University of California students protest tuition hike

The protests started the same week Missouri extended its tuition freeze.

Students at several University of California campuses marched and occupied school buildings last week in protest of steep tuition hikes recently approved by university officials in an effort to close the state's enormous budget deficit.

The University of California Board of Regents voted 20-1 on Nov. 19 to increase in-state undergraduate tuition 32 percent for the 2009-2010 school year from $7,784 to $10,302.

Local media outlets have reported 100 students from various University of California campuses were arrested the day of the vote and the day after for blocking streets and occupying school buildings at campuses in Berkeley, Davis and Los Angeles.

Victor Sanchez is a senior at the University of California-Santa Cruz and president of the University of California Student Association, a student rights group that organized protests at UCLA. He called the vote "egregious" in light of the student protests.

"Oftentimes when we organize against the administration, they tell us the problem is in Sacramento," he said. "But for them to vote in the 32 percent increase in spite of actions on all 10 of our campuses across the state, it is really a shot in the foot for future collaboration."

The increase will be implemented in two parts, with students seeing a 15 percent increase starting next semester. Only student regent Jesse Bernal, a graduate student at the University of California-Santa Barbara, opposed the increases.

The UC system consists of 10 campuses across the state and is similar in structure to the UM system. It has lost about $800 million in state funding in the past year as California tries to close a budget gap of about $21.6 billion.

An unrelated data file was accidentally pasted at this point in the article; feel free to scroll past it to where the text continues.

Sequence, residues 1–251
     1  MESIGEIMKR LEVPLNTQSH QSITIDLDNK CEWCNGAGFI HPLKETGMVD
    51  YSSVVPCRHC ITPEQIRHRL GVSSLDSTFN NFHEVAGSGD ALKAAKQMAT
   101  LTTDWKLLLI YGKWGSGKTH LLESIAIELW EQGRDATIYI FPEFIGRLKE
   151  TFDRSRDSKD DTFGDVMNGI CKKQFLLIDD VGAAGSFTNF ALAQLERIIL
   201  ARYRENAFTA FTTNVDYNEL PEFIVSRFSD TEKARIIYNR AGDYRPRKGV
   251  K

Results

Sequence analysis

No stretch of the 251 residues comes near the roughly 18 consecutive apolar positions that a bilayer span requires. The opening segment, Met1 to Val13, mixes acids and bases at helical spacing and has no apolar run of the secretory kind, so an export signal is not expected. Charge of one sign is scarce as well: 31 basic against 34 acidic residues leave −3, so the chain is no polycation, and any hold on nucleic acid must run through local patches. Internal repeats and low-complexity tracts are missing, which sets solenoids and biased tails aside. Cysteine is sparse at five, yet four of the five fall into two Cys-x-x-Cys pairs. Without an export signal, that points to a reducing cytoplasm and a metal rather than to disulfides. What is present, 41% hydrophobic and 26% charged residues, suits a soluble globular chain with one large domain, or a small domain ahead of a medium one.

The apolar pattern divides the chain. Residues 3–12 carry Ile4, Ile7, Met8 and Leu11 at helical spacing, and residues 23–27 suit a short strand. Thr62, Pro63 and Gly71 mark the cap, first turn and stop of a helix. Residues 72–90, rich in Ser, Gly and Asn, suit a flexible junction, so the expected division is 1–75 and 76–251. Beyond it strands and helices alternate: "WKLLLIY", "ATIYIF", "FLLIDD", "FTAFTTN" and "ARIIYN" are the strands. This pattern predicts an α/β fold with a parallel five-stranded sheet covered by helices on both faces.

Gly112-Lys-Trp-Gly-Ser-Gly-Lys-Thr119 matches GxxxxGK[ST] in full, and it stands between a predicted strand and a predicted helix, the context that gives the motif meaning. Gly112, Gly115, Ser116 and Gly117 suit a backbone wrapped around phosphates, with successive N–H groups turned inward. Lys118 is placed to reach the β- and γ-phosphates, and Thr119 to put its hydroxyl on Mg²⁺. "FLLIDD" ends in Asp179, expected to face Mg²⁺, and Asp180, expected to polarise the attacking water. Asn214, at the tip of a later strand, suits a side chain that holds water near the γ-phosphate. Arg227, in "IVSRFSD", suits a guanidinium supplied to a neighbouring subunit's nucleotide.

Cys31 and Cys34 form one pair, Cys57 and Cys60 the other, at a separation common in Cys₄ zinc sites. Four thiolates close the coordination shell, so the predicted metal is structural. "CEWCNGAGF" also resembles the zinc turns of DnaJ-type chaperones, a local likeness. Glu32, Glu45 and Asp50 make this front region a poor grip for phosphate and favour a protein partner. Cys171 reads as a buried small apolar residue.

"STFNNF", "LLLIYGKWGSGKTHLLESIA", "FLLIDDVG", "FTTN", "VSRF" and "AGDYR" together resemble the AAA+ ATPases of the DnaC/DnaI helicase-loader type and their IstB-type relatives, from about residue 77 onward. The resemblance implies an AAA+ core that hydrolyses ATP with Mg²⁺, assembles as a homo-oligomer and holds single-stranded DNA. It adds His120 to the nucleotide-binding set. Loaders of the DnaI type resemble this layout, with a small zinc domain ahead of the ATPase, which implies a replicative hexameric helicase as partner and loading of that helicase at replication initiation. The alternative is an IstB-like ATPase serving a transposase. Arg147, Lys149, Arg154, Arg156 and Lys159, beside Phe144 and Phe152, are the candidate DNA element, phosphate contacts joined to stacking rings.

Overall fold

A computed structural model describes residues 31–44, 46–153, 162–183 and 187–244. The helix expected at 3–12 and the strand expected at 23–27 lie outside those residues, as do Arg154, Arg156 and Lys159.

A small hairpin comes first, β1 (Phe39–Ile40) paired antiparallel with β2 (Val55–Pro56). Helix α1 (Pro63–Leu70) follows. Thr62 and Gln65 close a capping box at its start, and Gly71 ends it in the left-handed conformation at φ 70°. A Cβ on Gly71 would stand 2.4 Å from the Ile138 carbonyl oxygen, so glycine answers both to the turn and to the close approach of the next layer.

After laying off about 2,000 employees, reducing course offerings and furloughing employees, the system still faces a deficit of $535 million. The tuition increases are expected to almost close the gap by bringing in an extra $500 million in revenue.

"No one likes higher fees but when it comes to our core funding, that comes from state funding and student revenue," said Leslie Sepuka, a spokeswoman for the office of the UC system president. "Right now the state is reducing its share of the revenue."

Cristopher Santos, a junior at the UCLA and the UCSA Undergraduate Student Committee Leadership chairman, said students protested to make their stance known, even if the increases were inevitable.

"We had a feeling whatever we did we weren't going to change the regents' minds," he said. "However, we decided to go ahead and protest because we feel students should be involved in discussions when tuition is increased and we also protested to keep them accountable for how the money is spent."

The regents' vote in California came as Missouri Gov. Jay Nixon was touring his state to announce in-state tuition at the state's public universities and colleges will be frozen at 2007 levels for the second consecutive year. In-state tuition at MU for a student taking 28 credit hours per year will remain at about $8,500.

Nixon has proposed cutting funding for public colleges by 5 percent, in contrast to double-digit cuts made to the budgets of other state departments and agencies. The schools and the state legislature still must approve the plan. Missouri's budget deficit for the fiscal year is expected to be about $261 million.

Nixon held a press conference Nov. 18 at MU to announce the proposed extension. He said keeping tuition rates frozen would help spur economic recovery.

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